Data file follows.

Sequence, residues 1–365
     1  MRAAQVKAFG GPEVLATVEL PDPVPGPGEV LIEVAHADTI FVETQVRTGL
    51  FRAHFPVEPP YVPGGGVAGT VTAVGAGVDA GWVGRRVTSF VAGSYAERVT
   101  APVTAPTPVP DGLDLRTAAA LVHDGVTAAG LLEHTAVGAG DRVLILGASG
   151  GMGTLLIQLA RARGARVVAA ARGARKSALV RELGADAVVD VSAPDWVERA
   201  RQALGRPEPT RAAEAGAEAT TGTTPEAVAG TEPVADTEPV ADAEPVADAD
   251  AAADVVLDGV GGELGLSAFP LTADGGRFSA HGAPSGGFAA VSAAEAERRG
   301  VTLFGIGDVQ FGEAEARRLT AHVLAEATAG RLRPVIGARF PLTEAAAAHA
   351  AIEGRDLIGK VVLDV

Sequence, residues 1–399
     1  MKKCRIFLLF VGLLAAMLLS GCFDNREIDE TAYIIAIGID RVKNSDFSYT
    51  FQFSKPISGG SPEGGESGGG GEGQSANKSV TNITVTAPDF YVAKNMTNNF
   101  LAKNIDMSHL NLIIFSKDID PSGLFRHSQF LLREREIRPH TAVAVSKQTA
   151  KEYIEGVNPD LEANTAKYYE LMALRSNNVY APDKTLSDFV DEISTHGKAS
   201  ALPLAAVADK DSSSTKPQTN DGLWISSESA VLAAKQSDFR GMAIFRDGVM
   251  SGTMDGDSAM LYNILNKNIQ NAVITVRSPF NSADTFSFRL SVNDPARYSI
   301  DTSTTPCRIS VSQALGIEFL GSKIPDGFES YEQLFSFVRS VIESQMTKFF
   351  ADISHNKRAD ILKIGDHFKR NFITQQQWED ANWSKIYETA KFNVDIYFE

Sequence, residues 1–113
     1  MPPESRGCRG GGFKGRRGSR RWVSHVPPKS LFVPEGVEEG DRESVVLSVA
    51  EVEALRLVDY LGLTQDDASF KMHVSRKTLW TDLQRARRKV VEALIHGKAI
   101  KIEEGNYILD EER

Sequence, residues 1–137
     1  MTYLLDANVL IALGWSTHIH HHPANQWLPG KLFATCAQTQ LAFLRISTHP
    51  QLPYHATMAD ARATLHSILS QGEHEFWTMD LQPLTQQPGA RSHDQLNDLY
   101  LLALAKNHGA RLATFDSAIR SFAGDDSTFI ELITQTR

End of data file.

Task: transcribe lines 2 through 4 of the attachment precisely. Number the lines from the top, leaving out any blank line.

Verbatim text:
     1  MRAAQVKAFG GPEVLATVEL PDPVPGPGEV LIEVAHADTI FVETQVRTGL
    51  FRAHFPVEPP YVPGGGVAGT VTAVGAGVDA GWVGRRVTSF VAGSYAERVT
   101  APVTAPTPVP DGLDLRTAAA LVHDGVTAAG LLEHTAVGAG DRVLILGASG